American Factory

This Netflix documentary about a Chinese glass manufacturer Fuyao Glass opening up a factory in US is fascinating.  Aside from the “alternative translations” peppered throughout the documentary, it’s a socio-economic lesson about the various forces at work in a manufacturing setting.

To start, Fuyao took over an old GM manufacturing plant in Dayton, OH that closed during the great recession.  If you recall, the great recession hit the car industry pretty hard.  It forced car manufacturers to lay off workers which caused a ripple effect that affected many communities that supported the automotive industry (think tires, leather/tannery, carpeting, electronics, and other smaller car parts manufacturing) as well as the workers (think restaurants, hair salons, grocery stores, and places to spend discretionary income).  Unfortunately, many of these manufacturing sites were also located in the Midwest due to the close proximity to Detroit, MI.  After all, Detroit is the “car capital of the world.”  The situation was so dire that the US goverment did negotiated a deal to bailout the car makers.  If you’re interested in some more reading, try this link or this link.

But this documentary is fascinating to me because it tries to present this factory from both the Chinese management perspective and the American workers/middle management perspective.  If you strictly look at the two perspectives, there’s definitely a cultural clash between the Chinese and Americans.

There are a few scenes about the documentary that I thought was interesting to point out…

  • In one scene where the management workers were wondering if American’s can work overtime… and the room erupted in laughter.  I assume the assumption was that you couldn’t get the American’s to work overtime without more pay.  In China, the workers work 12 hours shifts and through the weekend.  Part of what makes China such an enticing place to set up manufacturing shop is the work “ethic” (I can’t think of a better word).  Given how pay is much lower than the average American pay, one can see why China has become the manufacturing country of the world.  What do you think will happen if the Chinese government starts mandating certain expectations of working hours and pay?  
  • A scene where an American worker commented how he saw a Chinese worker dump chemicals into the drain and acting as if the laws didn’t apply to them.
  • In another scene, a conversation between an American supervisor and a Chinese counterpart really highlighted another difference that working only 8 hours per shift is an ingrained work culture from. 
  • Finally someone had made a comment that the difference between American workers and Chinese workers was that American’s only care about the pay.  I don’t know if that’s true.  In China, many Chinese workers are leaving their homes and taking these manufacturing jobs because the pay and opportunities are better.  Many leave their families behind for this opportunity knowing that a better life comes from better pay.  Is that not a reason as to why Americans work?  They find jobs where they get better pay.  I don’t know if the Chinese manufacturing workers find their jobs any more meaningful than American manufacturing workers.  Furthermore, I think any worker will gravitate to jobs that pay more.  So I don’t think the comment is accurate.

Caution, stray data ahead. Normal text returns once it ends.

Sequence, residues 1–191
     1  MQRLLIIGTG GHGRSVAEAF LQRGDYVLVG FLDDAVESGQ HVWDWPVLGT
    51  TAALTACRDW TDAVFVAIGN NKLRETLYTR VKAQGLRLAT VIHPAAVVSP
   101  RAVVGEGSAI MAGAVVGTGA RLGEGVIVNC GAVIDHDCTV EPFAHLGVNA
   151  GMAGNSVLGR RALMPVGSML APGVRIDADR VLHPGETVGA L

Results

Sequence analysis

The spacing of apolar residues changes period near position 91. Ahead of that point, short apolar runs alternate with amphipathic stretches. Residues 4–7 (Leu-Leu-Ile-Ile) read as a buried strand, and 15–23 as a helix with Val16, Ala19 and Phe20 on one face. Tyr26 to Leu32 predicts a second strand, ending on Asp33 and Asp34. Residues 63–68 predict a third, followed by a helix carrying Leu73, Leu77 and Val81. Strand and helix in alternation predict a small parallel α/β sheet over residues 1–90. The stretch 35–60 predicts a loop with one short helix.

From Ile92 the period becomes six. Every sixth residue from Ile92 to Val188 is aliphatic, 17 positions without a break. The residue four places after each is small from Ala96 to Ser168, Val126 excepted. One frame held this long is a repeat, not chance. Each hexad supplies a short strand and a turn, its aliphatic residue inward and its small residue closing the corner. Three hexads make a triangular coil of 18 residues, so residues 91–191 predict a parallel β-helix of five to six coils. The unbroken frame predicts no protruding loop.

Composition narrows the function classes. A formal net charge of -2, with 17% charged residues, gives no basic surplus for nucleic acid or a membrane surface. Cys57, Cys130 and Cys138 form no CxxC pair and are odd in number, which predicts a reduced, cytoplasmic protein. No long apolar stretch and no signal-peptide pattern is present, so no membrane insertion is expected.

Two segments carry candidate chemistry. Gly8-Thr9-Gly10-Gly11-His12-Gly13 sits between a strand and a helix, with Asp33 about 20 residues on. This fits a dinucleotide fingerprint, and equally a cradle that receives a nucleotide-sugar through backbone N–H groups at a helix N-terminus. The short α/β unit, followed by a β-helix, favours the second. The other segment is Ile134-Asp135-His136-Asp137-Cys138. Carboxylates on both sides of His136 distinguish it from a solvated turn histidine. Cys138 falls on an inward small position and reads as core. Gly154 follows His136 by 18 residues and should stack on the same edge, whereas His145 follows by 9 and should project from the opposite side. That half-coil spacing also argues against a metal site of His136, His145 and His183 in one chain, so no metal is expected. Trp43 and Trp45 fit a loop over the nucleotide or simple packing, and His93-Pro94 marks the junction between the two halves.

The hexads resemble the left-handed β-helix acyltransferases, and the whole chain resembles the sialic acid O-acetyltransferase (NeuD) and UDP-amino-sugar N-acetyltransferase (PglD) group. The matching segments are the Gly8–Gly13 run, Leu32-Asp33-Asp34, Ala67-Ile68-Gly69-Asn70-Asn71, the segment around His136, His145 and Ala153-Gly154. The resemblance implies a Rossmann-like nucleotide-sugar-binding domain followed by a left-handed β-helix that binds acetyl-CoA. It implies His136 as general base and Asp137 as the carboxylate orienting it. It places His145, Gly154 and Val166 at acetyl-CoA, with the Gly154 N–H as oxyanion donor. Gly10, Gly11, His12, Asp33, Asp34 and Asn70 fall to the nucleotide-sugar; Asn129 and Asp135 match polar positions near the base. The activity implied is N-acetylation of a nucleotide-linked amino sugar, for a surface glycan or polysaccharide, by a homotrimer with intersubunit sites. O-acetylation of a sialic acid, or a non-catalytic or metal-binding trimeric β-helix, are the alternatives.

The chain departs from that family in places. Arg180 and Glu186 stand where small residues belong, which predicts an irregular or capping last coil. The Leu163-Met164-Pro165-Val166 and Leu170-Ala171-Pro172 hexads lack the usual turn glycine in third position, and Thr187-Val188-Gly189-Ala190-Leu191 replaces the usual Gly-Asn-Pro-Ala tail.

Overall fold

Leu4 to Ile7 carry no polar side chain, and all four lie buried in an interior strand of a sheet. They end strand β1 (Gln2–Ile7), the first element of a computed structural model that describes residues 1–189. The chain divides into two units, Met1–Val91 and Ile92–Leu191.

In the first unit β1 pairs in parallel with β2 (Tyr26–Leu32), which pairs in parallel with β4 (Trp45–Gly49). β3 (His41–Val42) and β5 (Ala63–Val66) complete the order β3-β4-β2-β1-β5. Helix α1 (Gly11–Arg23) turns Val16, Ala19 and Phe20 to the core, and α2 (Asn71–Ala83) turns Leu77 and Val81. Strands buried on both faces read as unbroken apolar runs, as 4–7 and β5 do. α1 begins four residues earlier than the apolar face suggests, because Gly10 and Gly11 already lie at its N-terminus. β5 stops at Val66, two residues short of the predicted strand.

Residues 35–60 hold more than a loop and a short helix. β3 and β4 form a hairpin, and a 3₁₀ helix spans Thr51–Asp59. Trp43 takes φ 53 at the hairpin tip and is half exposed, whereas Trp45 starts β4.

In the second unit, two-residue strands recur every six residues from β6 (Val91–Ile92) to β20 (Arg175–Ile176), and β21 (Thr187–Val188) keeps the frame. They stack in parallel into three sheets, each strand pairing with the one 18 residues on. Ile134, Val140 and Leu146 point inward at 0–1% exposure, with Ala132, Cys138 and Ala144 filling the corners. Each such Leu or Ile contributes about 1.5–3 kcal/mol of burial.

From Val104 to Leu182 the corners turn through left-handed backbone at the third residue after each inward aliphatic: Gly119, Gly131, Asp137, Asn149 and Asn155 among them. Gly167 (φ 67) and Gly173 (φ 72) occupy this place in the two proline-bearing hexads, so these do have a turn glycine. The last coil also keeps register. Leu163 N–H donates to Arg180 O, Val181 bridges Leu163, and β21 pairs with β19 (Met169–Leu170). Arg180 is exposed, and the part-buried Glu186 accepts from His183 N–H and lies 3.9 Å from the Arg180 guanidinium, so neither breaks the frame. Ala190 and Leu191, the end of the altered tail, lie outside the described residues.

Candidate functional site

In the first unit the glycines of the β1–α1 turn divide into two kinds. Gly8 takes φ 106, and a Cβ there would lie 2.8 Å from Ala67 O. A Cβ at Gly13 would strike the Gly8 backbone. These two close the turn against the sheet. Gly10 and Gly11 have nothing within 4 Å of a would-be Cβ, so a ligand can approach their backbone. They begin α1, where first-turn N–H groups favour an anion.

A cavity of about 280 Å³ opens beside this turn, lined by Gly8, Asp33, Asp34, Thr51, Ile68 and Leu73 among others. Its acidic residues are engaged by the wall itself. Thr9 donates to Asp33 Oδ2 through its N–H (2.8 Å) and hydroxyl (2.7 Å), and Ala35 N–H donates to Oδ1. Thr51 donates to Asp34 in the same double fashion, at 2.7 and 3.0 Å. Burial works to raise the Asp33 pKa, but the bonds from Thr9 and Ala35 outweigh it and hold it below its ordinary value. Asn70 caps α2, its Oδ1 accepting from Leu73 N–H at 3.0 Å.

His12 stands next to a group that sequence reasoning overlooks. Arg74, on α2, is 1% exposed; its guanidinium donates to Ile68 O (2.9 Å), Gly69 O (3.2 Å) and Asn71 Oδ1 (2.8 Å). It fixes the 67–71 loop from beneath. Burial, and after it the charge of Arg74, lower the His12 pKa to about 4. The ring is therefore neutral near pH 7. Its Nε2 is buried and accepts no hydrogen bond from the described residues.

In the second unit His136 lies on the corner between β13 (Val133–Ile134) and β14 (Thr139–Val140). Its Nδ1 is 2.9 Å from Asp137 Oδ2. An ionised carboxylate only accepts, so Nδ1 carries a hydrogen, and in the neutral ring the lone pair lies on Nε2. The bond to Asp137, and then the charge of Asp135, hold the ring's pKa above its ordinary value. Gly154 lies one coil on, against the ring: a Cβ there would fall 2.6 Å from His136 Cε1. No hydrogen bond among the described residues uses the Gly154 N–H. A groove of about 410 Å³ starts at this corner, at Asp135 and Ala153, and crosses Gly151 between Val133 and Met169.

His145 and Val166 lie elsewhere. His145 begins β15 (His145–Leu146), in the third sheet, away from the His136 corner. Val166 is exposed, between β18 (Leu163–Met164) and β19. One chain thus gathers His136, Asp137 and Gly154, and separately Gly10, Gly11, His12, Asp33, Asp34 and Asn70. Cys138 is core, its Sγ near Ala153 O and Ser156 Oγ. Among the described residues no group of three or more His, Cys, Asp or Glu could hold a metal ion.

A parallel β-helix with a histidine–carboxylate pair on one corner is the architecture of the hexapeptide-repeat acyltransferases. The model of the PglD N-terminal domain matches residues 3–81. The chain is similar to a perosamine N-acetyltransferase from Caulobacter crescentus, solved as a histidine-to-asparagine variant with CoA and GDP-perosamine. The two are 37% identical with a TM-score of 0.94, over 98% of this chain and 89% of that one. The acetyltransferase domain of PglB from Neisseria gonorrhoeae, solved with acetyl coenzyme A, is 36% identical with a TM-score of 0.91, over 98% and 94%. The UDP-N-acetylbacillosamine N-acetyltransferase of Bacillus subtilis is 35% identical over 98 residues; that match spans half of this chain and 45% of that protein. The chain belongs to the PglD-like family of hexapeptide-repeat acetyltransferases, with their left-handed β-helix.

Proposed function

This last scene however got me to think about how satisfying Maslow’s Heirarchy of Needs is a factor that companies need to consider when it comes to employee satisfaction.  How you meet these needs is as important as what these needs are… because everyone has needs they need to be met.

Chief of Staff

This Netflix Korean drama called Chief of Staff is awesome.  This is a political drama like House of Cards but from the point of view the Doug Stamper who was Underwood’s Chief of Staff.  This show is rife with moral, ethical and political dilemmas along with intrigue, blackmail and backstabbing.  All the while, classical music play in the background at critical moments to build.

Why aren’t US shows this engaging?

 

Knock Down the House

Before Alexandria Ocasio-Cortez, there was a group of activists called Justice Democrats who were looking for promising candidates that could primary Democratic incumbents in Congress.  They are looking for change.

The film crew recorded many of the scenes prior to the 2018 elections including interviews with the candidates and their opinions.  By showcasing the candidates, Netflix’s Knock Down the House is one of the most interesting behind the scenes political documentary.  I think the best quote from the documentary was “after 2016, nothing is for certain.”

This documentary really shines a light on the Ocasio-Cortez as a “rising star” and her opinions and activities going into the primary.  It’s fascinating.

 

 

 

The Office

Have you heard of a small NBC show called The Office? It’s a comedy show disguised as a documentary series.  It’s also one of those highly acclaimed shows that people talk about all the time.

Well… I finally finished this on Netflix six years after it’s season finale.  I found the earlier seasons to be funnier with the pranks between Jim and Dwight.  The hilarity in later seasons weren’t as good.  However there was one particular gem of a prank in later seasons: “Asian Jim.”  I think Asian Jim was the best one ever in that it exploited the cognitive dissonance in Dwight.